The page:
Each party provided extensive expert testimony on this matter. However, the court appears not to have found that the testimony resolved the issue.

Instead, it found that the fact that many reinsurance certificates include a follow the settlements term "strongly militates" against finding that such a term is automatically implied. If it were, said the court, an explicit clause would be unnecessary. The court therefore held that a follow the settlements clause could not be automatically implied into every reinsurance contract.

The court looked to New Jersey law to resolve the dispute. This required a determination of the parties' intent on entering into the contract and a reading of the contract according to its plain and ordinary meaning.

The court found that while there was no express follow the settlements term in the contract, the parties had a genuine dispute regarding their intentions on this point. Summary judgement was therefore denied.

In its June decision, the court held that the terms of the reinsurance contract required Employers Re to indemnify North River for that portion of its settlement that was within the terms of the contract.

In contrast, the court held that Employers Re did not have to indemnify North River for that portion of the settlement that was outside the terms of the contract, since neither the terms of the reinsurance contract nor industry custom dictated such an obligation.

Tried and tested

Other US cases have found that there is an automatically implied follow the settlements term (see, for example, Mentor Insurance Co. (UK) Ltd v Norges Brannkasse, 996 F.2d 506, 516 (2d Cir. 1993), and National American Insurance Co. v Certain Underwriters at Lloyd's London, slip op. 91-4021 (C.D. Cal. 1991).

However, the court in North River noted that National American was later reversed by National American Insurance Co. v Certain Underwriters at Lloyd's London, 93 F.3d 529 (9th Cir. 1996), in which the Ninth Circuit held that courts must do a case-by-case analysis in which they look to the state law governing the contract in question to determine whether there is an implied follow the settlements term.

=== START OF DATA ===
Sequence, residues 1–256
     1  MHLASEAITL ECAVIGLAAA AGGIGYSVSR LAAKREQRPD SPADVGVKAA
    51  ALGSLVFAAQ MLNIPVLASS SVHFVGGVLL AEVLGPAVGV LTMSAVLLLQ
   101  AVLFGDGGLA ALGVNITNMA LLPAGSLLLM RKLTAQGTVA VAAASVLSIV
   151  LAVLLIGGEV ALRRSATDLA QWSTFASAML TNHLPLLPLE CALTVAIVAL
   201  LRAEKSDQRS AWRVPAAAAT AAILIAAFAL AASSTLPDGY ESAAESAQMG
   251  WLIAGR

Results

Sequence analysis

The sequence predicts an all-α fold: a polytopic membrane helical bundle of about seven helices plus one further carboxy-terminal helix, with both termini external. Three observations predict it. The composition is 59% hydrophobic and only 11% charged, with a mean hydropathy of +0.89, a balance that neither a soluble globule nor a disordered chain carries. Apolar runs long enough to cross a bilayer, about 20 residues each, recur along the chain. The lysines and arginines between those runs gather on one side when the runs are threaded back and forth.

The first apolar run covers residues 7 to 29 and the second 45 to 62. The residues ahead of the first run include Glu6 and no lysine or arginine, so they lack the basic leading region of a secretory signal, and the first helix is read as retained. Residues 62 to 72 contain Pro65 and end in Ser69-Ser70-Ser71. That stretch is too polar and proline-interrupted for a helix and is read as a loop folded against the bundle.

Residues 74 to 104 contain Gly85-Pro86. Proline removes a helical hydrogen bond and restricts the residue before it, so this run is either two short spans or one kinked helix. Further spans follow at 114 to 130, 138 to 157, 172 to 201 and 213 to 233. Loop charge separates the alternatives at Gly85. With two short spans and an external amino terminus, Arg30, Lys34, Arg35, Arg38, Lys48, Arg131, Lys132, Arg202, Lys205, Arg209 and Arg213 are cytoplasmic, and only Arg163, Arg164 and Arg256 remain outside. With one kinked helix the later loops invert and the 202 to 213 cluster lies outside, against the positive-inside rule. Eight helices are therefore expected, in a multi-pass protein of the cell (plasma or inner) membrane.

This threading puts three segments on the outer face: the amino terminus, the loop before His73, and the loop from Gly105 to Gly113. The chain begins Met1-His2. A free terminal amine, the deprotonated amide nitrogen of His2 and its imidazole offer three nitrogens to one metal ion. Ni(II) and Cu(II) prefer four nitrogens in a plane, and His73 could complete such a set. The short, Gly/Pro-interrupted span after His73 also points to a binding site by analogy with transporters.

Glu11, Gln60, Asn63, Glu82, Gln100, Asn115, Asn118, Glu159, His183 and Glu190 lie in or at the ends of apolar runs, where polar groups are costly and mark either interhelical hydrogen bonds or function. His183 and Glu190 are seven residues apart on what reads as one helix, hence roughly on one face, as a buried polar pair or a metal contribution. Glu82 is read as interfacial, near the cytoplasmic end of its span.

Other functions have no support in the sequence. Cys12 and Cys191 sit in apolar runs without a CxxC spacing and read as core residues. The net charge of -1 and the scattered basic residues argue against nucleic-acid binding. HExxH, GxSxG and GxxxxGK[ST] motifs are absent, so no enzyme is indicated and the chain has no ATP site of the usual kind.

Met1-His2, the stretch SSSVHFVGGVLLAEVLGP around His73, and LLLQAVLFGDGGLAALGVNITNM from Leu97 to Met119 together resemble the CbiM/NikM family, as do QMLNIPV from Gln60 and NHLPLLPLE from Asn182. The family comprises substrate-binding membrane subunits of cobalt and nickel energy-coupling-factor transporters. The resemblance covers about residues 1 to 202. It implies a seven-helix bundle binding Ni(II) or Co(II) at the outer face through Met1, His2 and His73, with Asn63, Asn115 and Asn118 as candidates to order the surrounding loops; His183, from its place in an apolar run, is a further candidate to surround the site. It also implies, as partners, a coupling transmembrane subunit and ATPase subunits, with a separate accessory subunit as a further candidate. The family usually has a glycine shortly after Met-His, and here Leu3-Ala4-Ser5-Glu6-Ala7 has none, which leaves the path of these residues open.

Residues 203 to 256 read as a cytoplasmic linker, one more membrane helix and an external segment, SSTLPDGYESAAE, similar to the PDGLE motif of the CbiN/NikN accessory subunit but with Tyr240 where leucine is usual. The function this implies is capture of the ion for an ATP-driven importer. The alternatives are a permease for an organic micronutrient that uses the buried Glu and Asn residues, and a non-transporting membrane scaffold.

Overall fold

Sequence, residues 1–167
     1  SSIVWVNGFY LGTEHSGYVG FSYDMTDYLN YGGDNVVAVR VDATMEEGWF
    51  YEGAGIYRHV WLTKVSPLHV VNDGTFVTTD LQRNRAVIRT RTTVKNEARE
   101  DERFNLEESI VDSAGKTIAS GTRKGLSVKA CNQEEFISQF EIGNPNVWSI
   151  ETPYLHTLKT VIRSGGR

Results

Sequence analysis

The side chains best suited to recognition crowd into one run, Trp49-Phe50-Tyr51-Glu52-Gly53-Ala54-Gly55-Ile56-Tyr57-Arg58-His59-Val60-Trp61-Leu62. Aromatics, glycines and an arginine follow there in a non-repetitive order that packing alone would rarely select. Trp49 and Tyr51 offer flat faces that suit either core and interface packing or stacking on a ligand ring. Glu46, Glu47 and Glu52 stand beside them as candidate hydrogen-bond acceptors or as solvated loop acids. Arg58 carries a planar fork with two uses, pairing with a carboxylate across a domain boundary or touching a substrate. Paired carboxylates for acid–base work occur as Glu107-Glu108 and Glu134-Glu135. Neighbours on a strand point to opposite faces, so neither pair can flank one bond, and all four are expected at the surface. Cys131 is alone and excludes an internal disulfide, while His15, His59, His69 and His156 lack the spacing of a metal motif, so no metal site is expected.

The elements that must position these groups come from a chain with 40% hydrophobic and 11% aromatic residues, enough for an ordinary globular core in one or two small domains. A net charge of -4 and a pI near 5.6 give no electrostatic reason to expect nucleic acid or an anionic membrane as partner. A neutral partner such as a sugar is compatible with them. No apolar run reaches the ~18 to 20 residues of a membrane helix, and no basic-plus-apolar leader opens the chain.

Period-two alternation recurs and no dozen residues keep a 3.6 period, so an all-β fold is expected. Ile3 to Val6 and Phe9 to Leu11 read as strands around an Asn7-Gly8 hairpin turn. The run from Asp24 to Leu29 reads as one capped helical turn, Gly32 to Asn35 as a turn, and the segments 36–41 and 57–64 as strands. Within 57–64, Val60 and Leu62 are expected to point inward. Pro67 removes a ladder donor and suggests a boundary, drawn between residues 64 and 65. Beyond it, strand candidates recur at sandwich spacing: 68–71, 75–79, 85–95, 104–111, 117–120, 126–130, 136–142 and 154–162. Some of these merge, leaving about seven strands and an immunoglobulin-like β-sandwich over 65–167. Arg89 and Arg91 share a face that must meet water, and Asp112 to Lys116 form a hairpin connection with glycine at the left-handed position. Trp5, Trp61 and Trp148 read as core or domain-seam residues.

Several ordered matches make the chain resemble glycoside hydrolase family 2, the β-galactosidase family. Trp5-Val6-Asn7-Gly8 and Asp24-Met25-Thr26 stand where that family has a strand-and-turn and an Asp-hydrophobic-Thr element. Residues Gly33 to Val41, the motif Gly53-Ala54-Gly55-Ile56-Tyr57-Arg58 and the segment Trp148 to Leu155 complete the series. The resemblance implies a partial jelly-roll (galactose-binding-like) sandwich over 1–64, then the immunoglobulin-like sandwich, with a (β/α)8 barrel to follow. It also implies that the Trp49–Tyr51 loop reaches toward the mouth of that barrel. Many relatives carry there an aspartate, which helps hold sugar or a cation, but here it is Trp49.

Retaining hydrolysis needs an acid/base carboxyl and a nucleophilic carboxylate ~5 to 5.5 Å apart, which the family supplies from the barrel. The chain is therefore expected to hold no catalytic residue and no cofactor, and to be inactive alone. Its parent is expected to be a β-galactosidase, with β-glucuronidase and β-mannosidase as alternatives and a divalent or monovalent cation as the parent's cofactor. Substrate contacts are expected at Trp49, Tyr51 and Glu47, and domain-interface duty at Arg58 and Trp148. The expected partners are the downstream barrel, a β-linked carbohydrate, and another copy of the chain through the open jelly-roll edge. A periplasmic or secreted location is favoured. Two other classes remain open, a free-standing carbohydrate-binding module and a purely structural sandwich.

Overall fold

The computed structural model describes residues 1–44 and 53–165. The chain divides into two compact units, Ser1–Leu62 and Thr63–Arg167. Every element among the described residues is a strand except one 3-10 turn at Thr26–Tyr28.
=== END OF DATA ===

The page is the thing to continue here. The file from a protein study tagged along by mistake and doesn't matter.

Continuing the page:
In the case of North River, this meant first looking to see whether the parties intended to adopt such a term when they negotiated the reinsurance agreement, then to industry custom.

It is possible that another state's law governing the parties' intent and the custom on this point would permit such a term to be automatically implied. This, unfortunately, lends itself to uncertainty for cedants and reinsurers alike.

In contrast, it is well settled that courts in England will not oblige reinsurers to follow their cedants' settlements if there is no follow the settlements clause in the relevant reinsurance contract (see Chippendale v Holt, (1895) 1 Com. Cas. 197, and Gurney v Grimmer, (1932) 44 Ll.L.R.
189).

In England courts will permit a reinsurer to contest paying a share of settlements that its cedant has made on the grounds that those settlements were not in fact losses covered by the original insurance policy.

Custom dictates

In light of the fact that US courts may look to the laws determining reinsurance custom and usage of each state, companies should be aware that they may be held to follow their cedants' settlements if the law of a given state holds that that is reinsurance custom, even if there is no such term in the contract.

Alternatively, they may be forced to prove that they did not intend to follow the settlements when they entered into their reinsurance agreement.

This area of the law is worth watching to see whether US courts adopt the reasoning in North River.